The Knicks, as pointed out by Chris Herring of The Wall Street Journal, often start players like James White and Kurt Thomas and then give them very few minutes.
Herring uses a couple different benchmarks – five or fewer minutes, fewer than 16 minutes – but, either way, the Knicks lead the league by a wide margin.
Knicks coach Mike Woodson was asked about the practice:
“By starting them, you’re putting them on a stage to start in an NBA game, and guaranteeing that the player is going to go out and make the most of his minutes,” Woodson said. “Guys like [White] and Chris Copeland, they know they aren’t going to get 30 or 35 minutes, and that it might be only four or five instead. So they have to go all out. And [as a coach], you hope that helps get you off to a good start.”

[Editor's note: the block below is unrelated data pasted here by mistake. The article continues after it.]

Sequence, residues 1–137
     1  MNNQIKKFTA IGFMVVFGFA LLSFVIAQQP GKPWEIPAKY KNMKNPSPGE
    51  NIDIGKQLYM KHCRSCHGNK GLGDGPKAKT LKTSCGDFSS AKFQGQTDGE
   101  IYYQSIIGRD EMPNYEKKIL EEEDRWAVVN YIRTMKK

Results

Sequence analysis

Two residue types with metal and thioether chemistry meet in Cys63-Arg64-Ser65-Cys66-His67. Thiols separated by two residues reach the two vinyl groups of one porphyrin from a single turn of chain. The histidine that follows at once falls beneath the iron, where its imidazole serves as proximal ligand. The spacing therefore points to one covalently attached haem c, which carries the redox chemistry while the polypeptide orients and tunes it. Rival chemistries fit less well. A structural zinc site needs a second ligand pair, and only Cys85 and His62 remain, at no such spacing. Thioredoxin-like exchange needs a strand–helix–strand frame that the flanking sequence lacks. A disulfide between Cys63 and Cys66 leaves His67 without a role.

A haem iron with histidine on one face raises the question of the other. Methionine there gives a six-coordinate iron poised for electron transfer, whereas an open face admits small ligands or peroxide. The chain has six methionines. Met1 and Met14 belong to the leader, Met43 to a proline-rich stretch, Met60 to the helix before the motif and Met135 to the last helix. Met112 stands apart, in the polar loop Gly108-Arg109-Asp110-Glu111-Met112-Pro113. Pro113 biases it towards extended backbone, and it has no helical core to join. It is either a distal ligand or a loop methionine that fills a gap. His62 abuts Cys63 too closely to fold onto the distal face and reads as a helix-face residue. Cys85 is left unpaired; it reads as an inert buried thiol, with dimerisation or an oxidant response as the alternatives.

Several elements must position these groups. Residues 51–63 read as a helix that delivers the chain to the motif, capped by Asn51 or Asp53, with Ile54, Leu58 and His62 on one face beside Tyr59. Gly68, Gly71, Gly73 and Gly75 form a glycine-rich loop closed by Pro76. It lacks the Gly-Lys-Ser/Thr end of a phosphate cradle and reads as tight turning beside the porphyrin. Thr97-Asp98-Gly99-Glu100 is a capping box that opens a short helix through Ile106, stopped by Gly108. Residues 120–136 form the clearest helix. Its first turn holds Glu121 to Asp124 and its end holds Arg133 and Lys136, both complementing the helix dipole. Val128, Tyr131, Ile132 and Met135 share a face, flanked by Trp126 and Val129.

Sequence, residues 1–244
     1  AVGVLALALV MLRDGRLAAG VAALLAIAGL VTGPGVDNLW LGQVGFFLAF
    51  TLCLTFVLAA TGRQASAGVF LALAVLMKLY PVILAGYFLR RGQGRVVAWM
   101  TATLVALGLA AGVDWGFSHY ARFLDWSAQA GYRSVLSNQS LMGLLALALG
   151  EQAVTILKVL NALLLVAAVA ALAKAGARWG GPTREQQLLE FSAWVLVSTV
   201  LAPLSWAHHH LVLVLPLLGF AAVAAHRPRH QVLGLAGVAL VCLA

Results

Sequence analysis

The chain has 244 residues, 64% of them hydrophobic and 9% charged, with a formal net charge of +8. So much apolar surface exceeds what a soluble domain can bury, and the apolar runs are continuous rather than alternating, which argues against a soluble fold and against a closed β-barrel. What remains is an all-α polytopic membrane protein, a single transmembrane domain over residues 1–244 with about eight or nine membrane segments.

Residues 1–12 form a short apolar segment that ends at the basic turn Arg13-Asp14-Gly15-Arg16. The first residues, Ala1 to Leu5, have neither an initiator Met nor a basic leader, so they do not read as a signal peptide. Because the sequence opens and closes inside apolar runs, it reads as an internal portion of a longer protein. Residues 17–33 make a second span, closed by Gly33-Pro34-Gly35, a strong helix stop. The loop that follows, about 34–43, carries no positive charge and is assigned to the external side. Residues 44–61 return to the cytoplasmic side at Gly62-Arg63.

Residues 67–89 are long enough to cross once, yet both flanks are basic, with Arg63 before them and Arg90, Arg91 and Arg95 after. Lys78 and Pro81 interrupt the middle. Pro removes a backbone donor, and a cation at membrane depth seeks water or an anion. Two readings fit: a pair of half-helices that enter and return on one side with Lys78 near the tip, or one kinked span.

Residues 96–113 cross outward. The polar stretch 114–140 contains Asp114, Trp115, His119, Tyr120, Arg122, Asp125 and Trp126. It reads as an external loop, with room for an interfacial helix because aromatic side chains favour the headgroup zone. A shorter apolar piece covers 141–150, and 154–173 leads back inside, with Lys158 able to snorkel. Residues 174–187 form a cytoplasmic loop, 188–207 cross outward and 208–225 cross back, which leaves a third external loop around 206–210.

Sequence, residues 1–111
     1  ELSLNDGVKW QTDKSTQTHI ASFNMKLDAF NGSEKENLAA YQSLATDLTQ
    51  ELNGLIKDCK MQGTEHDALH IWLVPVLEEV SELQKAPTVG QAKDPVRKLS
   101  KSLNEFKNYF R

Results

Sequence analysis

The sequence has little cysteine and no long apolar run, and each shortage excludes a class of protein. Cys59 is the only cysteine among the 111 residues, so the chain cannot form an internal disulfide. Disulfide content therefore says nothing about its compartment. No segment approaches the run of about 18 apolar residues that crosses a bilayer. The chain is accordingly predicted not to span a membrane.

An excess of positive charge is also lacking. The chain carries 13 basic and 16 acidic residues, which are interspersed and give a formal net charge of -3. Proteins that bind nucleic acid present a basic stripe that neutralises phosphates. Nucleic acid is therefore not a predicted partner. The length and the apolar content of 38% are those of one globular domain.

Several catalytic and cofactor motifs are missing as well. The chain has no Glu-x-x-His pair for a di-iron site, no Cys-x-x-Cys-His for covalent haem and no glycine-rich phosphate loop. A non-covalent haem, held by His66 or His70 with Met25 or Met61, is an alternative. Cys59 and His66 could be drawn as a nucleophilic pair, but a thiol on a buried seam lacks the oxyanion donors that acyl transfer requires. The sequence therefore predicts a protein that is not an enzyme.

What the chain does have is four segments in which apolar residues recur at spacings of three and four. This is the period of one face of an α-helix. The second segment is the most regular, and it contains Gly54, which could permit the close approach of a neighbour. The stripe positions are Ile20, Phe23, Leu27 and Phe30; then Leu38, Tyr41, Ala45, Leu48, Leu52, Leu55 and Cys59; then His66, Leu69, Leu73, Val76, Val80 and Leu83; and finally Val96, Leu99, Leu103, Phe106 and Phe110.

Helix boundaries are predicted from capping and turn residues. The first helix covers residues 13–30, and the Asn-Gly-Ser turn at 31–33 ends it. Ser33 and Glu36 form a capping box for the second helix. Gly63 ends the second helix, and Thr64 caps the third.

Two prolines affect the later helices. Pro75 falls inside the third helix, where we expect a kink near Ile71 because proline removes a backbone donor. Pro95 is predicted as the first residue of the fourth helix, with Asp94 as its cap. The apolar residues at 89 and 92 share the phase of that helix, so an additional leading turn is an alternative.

I have no idea whether this is a sound strategy. But I absolutely love it.
Woodson was criticized in Atlanta for his simplistic Iso-Joe scheme, even though the Hawks had the NBA’s second-best offensive rating in his final season there. The problem was aesthetic more than anything. Fans don’t enjoy watching boring boring basketball.
But this is creative – maybe even innovative – and Woodson should get credit for thinking outside the box in an effort to help his team win more.